Windshield Wiper Assembly Tips

Windshield wiper assembly used to be much easier. All you had to do was remove the old, worn rubber inserts. With some newer cars, you may find yourself replacing the entire blade. But with a little practice, anyone can accomplish this task.

When to Change Wipers
Wipers usually don't need to be changed more than two or three times a year. You may be able to go a year or even two if you live in an area that doesn't get much rain.

As the wiper blades rub against your windshield, little bits of rubber get worn off. Over time, you'll see a series of streaks on your windshield instead of a clear view of the road ahead. As soon as the first streaks appear, it's time to change blades.

Use a wiper blade size chart at the store to make sure you get the right size and style for your vehicle. Read the instructions carefully before you begin changing blades. To make sure you don't crack the windshield or scratch it by allowing the wiper to snap against it as you work, place a blanket or towel on the windshield beneath the wiper before you begin.

Windshield Wiper Assembly Tips

  • Wiper blades run anywhere from about $4 to $20 or higher. Unless it's the rainy season, you probably won't get more life out of a particular brand of blades. Avoid anything that's too cheap, but don't expect much from high-end blades.
  • Remove the old windshield wipers slowly, keeping track of each step so that you remember how to do the process in reverse to install the new blades.
  • As you remove each piece, place it onto a towel in front of you and examine it carefully so that you understand how it was removed and how the pieces fit together.
  • If wiper blades are not attached correctly, they could become loose and fly off.
  • All wiper blades attach to the car a little differently. Take the time to remove the old blades properly, and use this as a learning aid.
  • Lift the first wiper. The wiper arm will give slightly, allowing you to hold the blade off the window. While the arm is raised, find the pivot point at the end of the blade. Once you have found it, slowly rotate the wiper blade at a 180-degree angle and carefully release the blade from the arm.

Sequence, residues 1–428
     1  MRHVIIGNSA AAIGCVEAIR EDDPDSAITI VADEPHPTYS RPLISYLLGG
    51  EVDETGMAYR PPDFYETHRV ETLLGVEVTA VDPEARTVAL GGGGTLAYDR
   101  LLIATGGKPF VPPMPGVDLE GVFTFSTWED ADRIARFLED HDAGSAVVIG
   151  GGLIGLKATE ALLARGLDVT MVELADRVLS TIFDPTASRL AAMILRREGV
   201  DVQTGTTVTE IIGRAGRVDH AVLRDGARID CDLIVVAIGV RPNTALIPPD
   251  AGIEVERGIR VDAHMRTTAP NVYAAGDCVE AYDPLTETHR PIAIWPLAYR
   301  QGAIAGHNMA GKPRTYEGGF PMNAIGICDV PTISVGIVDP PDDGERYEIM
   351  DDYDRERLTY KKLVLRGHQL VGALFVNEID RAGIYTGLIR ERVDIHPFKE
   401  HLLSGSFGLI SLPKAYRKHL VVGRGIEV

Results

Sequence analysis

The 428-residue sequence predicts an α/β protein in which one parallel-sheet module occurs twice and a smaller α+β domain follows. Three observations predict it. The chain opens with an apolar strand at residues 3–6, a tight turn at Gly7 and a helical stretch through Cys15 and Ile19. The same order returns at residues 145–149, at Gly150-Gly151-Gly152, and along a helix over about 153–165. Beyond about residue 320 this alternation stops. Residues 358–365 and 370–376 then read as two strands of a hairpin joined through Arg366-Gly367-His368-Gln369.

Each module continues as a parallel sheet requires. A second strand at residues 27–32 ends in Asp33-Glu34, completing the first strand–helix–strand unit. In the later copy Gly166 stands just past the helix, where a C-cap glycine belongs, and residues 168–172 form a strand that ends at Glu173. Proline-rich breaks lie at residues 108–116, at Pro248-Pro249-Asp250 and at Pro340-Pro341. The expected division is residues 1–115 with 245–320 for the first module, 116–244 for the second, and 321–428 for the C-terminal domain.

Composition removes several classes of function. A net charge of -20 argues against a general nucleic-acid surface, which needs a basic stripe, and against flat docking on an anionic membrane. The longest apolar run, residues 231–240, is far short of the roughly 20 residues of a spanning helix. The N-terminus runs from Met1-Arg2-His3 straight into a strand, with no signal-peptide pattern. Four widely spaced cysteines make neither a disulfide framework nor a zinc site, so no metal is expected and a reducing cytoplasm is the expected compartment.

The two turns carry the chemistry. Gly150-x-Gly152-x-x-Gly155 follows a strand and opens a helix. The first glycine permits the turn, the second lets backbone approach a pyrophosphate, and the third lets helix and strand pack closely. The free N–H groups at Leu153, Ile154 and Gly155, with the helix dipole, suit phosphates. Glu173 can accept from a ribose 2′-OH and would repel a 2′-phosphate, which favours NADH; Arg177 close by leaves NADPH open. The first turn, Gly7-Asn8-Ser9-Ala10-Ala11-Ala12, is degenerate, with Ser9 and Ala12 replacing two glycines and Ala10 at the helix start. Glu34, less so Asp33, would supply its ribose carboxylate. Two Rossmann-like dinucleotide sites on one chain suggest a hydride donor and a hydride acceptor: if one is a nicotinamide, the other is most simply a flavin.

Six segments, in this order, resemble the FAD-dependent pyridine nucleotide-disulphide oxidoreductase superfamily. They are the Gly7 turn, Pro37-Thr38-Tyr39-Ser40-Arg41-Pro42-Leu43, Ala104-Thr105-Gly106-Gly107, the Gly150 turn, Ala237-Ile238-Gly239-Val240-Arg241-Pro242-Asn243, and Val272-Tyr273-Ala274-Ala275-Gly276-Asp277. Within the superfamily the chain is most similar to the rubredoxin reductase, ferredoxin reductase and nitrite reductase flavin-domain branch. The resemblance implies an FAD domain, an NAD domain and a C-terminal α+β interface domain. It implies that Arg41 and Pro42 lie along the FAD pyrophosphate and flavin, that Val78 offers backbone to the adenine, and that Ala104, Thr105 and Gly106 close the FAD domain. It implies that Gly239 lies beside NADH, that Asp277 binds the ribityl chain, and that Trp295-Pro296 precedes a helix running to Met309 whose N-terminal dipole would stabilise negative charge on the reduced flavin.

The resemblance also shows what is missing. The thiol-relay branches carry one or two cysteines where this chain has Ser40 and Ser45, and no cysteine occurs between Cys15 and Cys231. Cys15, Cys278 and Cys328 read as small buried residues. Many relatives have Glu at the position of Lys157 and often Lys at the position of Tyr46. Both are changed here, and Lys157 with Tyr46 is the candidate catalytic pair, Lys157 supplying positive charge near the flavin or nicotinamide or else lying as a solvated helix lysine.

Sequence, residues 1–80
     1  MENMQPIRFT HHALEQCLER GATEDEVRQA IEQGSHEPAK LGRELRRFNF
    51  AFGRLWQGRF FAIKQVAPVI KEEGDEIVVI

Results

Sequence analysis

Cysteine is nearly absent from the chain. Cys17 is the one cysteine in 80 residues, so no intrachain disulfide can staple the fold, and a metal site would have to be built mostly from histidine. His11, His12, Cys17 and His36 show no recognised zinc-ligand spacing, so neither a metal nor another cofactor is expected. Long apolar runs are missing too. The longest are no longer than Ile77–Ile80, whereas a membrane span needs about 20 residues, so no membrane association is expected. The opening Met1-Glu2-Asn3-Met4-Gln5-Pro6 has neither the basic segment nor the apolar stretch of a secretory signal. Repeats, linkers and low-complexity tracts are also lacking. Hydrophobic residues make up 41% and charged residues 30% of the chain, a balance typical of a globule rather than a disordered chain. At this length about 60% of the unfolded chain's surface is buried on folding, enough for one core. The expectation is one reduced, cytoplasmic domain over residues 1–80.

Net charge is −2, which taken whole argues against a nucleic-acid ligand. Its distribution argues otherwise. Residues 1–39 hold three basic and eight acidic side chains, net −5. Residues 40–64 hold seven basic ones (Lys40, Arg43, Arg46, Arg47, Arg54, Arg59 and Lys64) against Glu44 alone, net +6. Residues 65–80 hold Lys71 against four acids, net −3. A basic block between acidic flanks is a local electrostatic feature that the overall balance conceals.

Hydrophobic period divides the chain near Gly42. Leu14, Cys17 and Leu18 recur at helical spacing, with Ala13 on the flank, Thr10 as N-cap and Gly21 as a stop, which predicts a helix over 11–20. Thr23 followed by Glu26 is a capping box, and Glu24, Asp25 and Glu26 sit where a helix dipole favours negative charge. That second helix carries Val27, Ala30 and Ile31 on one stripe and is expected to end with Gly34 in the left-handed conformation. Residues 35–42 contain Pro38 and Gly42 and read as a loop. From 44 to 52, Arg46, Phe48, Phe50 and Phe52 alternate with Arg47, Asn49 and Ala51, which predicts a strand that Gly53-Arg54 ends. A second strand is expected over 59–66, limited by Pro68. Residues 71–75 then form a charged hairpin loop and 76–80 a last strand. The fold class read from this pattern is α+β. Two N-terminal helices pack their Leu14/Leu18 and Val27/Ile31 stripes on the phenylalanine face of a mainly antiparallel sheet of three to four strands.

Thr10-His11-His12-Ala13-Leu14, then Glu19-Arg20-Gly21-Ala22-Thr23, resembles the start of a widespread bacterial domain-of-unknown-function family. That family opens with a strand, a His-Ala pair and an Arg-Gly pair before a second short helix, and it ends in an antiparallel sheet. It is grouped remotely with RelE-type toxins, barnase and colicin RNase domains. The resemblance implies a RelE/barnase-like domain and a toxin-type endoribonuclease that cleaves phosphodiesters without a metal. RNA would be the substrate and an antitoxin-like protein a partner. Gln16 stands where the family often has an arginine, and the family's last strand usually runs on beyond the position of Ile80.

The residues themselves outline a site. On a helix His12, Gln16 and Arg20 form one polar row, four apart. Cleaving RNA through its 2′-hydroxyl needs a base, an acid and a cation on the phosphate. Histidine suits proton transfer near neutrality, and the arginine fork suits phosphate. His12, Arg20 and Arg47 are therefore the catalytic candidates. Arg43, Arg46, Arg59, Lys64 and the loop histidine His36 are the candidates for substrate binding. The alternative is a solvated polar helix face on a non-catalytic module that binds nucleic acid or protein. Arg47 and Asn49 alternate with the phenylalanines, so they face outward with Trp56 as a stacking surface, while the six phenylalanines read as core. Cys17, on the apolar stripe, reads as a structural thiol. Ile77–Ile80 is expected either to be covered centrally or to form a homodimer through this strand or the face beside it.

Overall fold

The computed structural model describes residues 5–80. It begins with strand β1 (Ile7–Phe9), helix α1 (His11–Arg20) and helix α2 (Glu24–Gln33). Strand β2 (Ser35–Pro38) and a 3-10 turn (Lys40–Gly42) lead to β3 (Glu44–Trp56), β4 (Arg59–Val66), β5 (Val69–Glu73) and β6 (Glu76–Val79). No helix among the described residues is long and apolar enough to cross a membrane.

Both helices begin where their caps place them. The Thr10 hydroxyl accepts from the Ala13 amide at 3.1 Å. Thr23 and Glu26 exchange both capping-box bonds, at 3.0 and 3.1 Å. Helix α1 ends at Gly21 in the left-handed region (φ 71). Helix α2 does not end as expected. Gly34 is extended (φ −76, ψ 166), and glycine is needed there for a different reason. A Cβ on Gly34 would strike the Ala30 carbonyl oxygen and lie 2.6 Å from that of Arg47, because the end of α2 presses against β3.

• Do not snap the arm back against the windshield. Gently lay it back against the towel over the windshield as you get the new blade ready.
  • Locate the pivot point on the new blade, and rotate it into position on the arm. When the blade is in the proper position, it should snap into place.
  • Rotate the rubber so that it will sit against the windshield.
  • Slowly lower the blade down to the windshield. With both blades installed, you can remove the towel.
  • Once you have both windshield wipers in place, squirt the windshield wiper fluid button so that the wipers will turn on. Are they working correctly? Do they feel solid?
  • Dump water onto the windshield and then turn the wipers on again. Do they do the job? If the wipers leave gaps or streaks, you may need to adjust them.

Changing Windshield Wiper Fluid

  • Windshield wiper fluid is very important to your driving safety. If there is no wiper fluid and you run into a snowstorm or end up in a thunderstorm, you'll be risking your life, and the lives of others, if you try to drive with poor visibility. Check your windshield wiper fluid level often, and refill immediately when needed.
  • The wiper fluid is usually blue or light green, and you'll find the tank mounted in the front of most cars. You can usually glance at it when the hood is up to see if you have enough fluid.
  • Check the levels on the side of the windshield wiper container to make sure the fluid is at the required level. If more liquid is needed, add the correct type of liquid.
  • Never add water to the wiper fluid reservoir. It will freeze in winter and crack the hose leading from the reservoir to the spray jets.
  • Never use dishwashing liquid in place of wiper fluid. These soaps contain foaming agents that will allow air to build up in the hose, preventing it from working.
  • Keep a bottle of windshield wiper fluid in the trunk of your car in case of emergencies.
  • Wipe dirt, snow or bird droppings off the windshield with a cloth rather than expecting the wipers to do the job. Forcing wipers to work on hard jobs will create unequal wear and tear on the blades. Over time, the area could become brittle and crack off from overuse. 
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